Stephen C. Krueger
Editorial Note: Missouri Synod officialdom has been busy of late cranking out new study documents that attempt to hold the line against ecumenical relations with other Lutherans and other Christians whom the synod deems to be errorists. One is the 58-page “Admission to the Lord’s Supper,” published last November by the Commission on Theology and Church Relations. As of this past February we have yet another document, a 40-pager produced jointly by the president’s office and the CTCR, titled “The Lutheran Understanding of Church Fellowship.” This one is required to be used as the basis for the study of this issue at all district conventions this year, imposed on the districts by mandate of the 1998 national convention.
Pastor Stephen Krueger shares with us his response to this document. Steve is pastor of Zion Lutheran, Portland, Oregon, the host church for the first Daystar Free Conference last January.
Just How “Lutheran” Is The Lutheran Understanding of Church Fellowship?
The President’s Office of The Lutheran Church—Missouri Synod has invited the response and critique of the larger church to the recent (February 2000) document produced by the synod’s Commission on Theology and Church Relations, titled The Lutheran Understanding of Church Fellowship (LUCF). The document purports to be a study “to explain the Synod’s position” (p. 4). Given the opportunity to respond, in this event, members of the synod must. The “study” is too flawed to live up to its title as The—not just ‘A’ but ‘THE’—Lutheran Understanding of Church Fellowship.
Yet, given the claim as the Lutheran understanding of Church fellowship, it is fair to ask of the study just how Lutheran it really is.
Flaw 1: LUCF never takes Augsburg Confession VII seriously.
When Lutherans have been in conversation with anyone from the Body of Christ (e.g., the Lutheran ecumenical dialogs of the past thirty years), the chief Lutheran confessional text has been the Article VII of the Augsburg Confession (hereafter AC). That article on “The Church” reads:
Our churches also teach that one holy church is to continue forever. The church is the assembly of saints in which the Gospel is taught purely and the sacraments are administered rightly. For the true unity of the church it is enough [satis est] to agree [consentire] concerning the teaching of the Gospel and the administration of the sacraments. It is not necessary that human traditions or rites and ceremonies, instituted by men, should be alike everywhere. It is as Paul says, “One faith, one baptism, one God and Father of all,” etc. (Eph. 4: 5,6).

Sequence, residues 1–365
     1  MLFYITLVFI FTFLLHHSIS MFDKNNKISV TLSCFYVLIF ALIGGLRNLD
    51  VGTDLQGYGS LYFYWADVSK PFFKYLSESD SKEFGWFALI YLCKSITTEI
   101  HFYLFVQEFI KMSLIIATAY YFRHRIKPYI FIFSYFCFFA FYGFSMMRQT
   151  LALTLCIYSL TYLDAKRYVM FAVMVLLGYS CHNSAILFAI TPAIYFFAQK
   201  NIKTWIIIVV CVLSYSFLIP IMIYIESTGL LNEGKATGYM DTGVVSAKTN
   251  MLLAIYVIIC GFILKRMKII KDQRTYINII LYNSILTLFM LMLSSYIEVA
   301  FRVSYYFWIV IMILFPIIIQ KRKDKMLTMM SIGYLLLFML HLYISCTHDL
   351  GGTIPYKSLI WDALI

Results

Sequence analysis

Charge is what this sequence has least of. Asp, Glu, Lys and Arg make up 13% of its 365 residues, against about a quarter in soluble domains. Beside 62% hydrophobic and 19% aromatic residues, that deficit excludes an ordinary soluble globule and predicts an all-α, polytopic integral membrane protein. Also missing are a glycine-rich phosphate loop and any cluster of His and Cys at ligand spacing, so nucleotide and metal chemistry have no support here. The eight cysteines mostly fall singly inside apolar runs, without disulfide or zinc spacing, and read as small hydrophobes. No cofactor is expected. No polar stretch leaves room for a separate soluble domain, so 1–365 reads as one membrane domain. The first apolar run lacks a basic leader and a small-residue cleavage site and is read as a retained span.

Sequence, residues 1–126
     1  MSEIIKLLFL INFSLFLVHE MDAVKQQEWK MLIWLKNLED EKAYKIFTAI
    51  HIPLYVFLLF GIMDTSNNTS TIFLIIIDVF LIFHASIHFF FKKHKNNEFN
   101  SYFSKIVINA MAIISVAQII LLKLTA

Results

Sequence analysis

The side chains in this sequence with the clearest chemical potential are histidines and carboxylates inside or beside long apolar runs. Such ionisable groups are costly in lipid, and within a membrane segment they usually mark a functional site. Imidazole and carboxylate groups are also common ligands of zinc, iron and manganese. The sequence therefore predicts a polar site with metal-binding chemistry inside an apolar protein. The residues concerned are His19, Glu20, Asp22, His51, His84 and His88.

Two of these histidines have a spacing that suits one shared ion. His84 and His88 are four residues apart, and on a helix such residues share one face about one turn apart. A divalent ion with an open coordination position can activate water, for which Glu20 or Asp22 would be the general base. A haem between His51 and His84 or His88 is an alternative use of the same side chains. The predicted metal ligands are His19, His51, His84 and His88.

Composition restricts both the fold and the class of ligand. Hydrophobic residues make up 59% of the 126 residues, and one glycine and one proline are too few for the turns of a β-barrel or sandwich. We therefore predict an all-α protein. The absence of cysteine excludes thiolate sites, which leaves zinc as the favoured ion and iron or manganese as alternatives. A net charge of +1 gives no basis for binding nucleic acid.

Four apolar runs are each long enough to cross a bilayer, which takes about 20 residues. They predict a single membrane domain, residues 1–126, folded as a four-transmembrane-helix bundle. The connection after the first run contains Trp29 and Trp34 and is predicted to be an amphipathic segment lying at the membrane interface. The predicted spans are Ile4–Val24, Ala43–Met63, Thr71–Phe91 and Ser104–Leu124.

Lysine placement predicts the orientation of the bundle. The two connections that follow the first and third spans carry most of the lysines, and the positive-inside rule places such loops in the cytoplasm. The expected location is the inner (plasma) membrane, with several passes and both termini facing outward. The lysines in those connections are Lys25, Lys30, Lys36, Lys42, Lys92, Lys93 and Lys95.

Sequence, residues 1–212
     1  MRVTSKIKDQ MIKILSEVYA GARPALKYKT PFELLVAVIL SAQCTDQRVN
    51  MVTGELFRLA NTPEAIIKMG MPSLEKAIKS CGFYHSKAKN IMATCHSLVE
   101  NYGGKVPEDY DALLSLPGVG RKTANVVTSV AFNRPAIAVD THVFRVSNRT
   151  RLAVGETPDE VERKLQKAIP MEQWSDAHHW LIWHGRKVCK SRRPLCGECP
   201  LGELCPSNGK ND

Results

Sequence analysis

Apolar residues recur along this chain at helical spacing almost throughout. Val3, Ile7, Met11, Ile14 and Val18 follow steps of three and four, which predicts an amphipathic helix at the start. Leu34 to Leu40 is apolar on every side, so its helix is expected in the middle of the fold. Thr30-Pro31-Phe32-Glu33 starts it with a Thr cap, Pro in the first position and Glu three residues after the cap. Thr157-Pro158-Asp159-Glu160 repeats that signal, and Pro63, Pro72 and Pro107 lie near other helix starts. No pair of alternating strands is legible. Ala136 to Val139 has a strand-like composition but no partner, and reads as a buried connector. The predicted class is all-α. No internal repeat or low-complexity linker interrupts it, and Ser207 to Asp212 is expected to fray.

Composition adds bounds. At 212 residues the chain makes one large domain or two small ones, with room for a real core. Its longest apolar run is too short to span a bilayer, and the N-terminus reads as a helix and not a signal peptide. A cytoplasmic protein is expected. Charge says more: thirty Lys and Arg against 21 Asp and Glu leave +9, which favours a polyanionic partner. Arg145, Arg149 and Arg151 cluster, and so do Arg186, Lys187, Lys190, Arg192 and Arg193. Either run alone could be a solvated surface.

LUCF does not begin, however, with this seminal article. It launches its study with the thesis that Christian unity is grounded in the Christian’s participation in the divine life, even as the Trinity is united. “By union with Christ, we believers become one with the triune God and so become one with one another” (p. 5).
Now there is nothing inherently wrong with this departure point, which most certainly has Biblical warrant, although “participation in the divine life,” ironically, is more a Roman Catholic than a Lutheran way of talking. Still, were it not that the study is distracted from grappling with this key confessional article in any kind of serious way, it would be a good beginning. But Article VII is never seriously put into play except here and there. When it finally makes its appearance on page 9 of the 16-page document, it is only after it can no longer derail LUCF from its foreordained conclusion: that fellowship with anyone not in full doctrinal agreement with what the synod calls a doctrine (discussed later) is not allowed.
Flaw 2: AC VII’s “satis est” (“it is sufficient”) disappears altogether.
In the Lutheran Confessional tradition, what is so striking about AC VII is the generosity of those who confess it for what is necessary for true Christian unity. LUCF never notices that. LUCF is too interested in throwing every impediment it can think of in the way of Christian fellowship. Nor does LUCF notice why AC VII is so evangelically generous. AC VII is serious, and gravely so, about the norm of the Christian Gospel alone in establishing unity in the Body of Christ (note that the Ephesians 4 text which AC VII cites is only mentioned once in LUCF and then as a proof-text among many others on p. 6).
What is that Gospel which AC VII has in mind? According to LUCF, “The Gospel comprised the entire Christian faith and not a simple affirmation that Jesus is Lord” (p. 10). But it is far more and other than that. Anyone attentive to the internal rationale of the Augsburg Confession knows “the Gospel” to be that Gospel articulated in the “chief article,” namely, Article IV, the one on justification by grace through faith in Christ alone. It is that Gospel which in the Augsburg Confession stands as the hermeneutical core to everything the church believes, teaches and confesses. Would that it were so in LUCF.
It is the sole sufficiency of the Gospel, serving not only as the grounds for true unity of the church but for everything the church believes, teaches and confesses, which LUCF misses and misses in its entirety. It never seems to notice “satis est.”